Nagle also claims he was reassigned to undesirable duties because of his age and race. In October 2003, Nagle was reassigned from patrol duty to the evidence locker. In March 2005, Chief Davis and Assistant Chief Rockett assigned Nagle to the newly created position of senior liaison after no other officers volunteered. In September 2005, Chief Davis created a new strip mall detail at the Raceway Shopping Plaza, and Nagle's job assignment was changed from street patrol to a fixed post at the shopping plaza. Nagle kept his same rate of pay; however, Nagle claims that only white officers were permanently assigned to strip mall detail while younger, non-white officers were assigned to the detail by sergeants at roll call.
Nagle also maintains that comments made by others within the department support his race and age discrimination claims and show that there was a general bias against older, white officers. Sometime around January 2005, the department engaged in an effort to bring in lateral transfers. According to Nagle, Commander Melvin Davis (a black male, age unknown, who is also a defendant here, to be distinguished from Chief Mark Davis) was placed in charge of choosing the new hires, and he chose primarily non-white officers under forty.1 Nagle contends that Commander Davis exhibited age-based bias when he told some new hirees during their orientation period that they did not have to show respect to Sergeant Mark Groszek, a white male over forty.
Nagle points to one other incident involving Commander Davis, where two out of five lateral transfers failed the shooting qualification course, and Commander Davis removed the instructor and hired another individual to teach the course. In his letter removing the instructor, Commander Davis wrote, " [t]his administration
must start investing in our officers, who believe in the current leadership, and that can give this department another (20-30) years of positive service."
In December 2002, Chief Davis issued an order prohibiting officers from calling in sick on the day before or the day after their off-day. This was followed by a February 2003 order calling for progressive discipline concerning violations of the new sick leave policy. Nagle contends that Chief Davis used this policy to discriminate against Nagle because of speech that he engaged in pursuant to his union duties. On May 12, 2004, Nagle attended a Labor-Management meeting and expressed concerns about Chief Davis's proposed manpower reductions. On May 17, 2004, Nagle's first working day after the meeting, Chief Davis told Nagle that if he ever spoke to Chief Davis in the same manner as Nagle had in the meeting, Nagle would be disciplined. Chief Davis felt Nagle disrespected him in front of other officers. On May 19, 2004, Nagle received a two-day suspension for violating the sick leave policy. Nagle believes that this suspension was in retaliation for his comments at the Labor-Management meeting. Nagle was previously suspended for violating the sick leave policy in September 2003. In fact, half of the department had been suspended since the new policy was implemented. In April 2005, Nagle was again suspended for violating the sick leave policy, but he filed a grievance and the suspension was never served.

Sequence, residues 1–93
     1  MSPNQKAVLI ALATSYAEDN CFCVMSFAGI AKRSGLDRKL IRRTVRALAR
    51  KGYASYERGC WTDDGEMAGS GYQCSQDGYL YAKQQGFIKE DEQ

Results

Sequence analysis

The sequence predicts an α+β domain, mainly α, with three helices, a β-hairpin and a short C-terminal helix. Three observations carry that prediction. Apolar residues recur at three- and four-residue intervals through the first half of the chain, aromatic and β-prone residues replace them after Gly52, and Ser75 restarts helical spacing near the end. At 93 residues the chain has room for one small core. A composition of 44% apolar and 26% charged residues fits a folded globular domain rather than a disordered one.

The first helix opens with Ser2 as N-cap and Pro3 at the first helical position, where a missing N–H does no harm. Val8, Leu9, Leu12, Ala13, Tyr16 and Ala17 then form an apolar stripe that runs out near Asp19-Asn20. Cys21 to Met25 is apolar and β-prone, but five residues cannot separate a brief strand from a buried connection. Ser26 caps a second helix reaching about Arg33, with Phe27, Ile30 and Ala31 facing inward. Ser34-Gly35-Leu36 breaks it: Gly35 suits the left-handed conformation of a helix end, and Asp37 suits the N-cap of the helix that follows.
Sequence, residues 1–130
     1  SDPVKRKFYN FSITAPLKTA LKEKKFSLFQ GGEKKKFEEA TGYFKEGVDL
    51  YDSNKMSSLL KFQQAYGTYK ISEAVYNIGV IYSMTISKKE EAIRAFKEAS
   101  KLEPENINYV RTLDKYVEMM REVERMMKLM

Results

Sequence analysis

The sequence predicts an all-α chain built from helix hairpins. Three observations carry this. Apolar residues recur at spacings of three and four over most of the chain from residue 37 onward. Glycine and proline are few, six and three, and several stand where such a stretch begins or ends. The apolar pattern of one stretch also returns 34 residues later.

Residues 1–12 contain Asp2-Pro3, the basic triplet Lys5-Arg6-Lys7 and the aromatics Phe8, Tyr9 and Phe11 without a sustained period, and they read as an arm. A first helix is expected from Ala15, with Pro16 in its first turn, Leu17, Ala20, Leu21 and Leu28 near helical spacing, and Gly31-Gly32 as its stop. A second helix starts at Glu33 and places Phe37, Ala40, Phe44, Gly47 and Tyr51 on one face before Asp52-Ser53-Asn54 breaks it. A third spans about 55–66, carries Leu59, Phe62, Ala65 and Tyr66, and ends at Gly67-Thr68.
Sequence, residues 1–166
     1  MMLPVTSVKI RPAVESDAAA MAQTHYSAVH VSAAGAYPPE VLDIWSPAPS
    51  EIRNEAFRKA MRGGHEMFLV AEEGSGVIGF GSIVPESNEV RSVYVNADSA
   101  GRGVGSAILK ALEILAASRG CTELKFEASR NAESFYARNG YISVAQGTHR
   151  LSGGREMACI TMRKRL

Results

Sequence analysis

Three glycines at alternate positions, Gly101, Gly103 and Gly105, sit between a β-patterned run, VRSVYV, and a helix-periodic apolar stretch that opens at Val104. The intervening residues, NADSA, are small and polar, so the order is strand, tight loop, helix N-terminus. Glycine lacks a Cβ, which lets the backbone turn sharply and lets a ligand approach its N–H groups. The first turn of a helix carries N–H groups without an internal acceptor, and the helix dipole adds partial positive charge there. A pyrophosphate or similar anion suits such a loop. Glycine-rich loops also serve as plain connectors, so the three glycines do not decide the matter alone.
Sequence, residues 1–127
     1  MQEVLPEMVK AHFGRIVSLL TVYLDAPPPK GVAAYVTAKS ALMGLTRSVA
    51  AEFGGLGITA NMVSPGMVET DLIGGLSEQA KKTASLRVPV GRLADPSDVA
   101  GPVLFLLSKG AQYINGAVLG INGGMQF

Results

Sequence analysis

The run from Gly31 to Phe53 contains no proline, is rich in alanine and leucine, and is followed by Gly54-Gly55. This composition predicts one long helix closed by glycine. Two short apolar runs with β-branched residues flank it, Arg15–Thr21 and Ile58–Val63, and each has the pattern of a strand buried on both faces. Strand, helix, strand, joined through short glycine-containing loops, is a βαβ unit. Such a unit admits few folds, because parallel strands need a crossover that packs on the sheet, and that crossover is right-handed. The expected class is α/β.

On January 19, 2005, Nagle filed a charge with the EEOC, alleging age discrimination. This charge came on the heels of Chief Davis's comments to Nagle that he was " tired of [Nagle's] bullsh-grievances" and his reminder to Nagle that " discipline is progressive." The EEOC charge was mailed to the police department to the attention of the personnel manager on January 27, 2005.
Nagle's second EEOC charge soon followed. On January 23, 2005, Chief Davis saw Nagle preparing a grievance form during lunch, which is considered on duty time at the department. On February 11, 2005, Chief Davis suspended Nagle for three days for this incident. Nagle filed a union grievance, and the Illinois Labor Relations Board overturned the suspension and ordered the department to reimburse Nagle for his losses. On February 23, 2005, Nagle filed a second EEOC charge alleging he had been suspended due to his age and race and in retaliation for his January EEOC filing.
On May 9, 2005, Nagle filed a third EEOC complaint alleging that his March 2005 assignment to senior liaison and his April 2005 suspension were due to his age and race and were in retaliation for his earlier EEOC complaints. On May 10, 2005, Assistant Chief Rockett rescheduled Nagle's " court key date," or the date in which he...
To continue readingFREE SIGN UP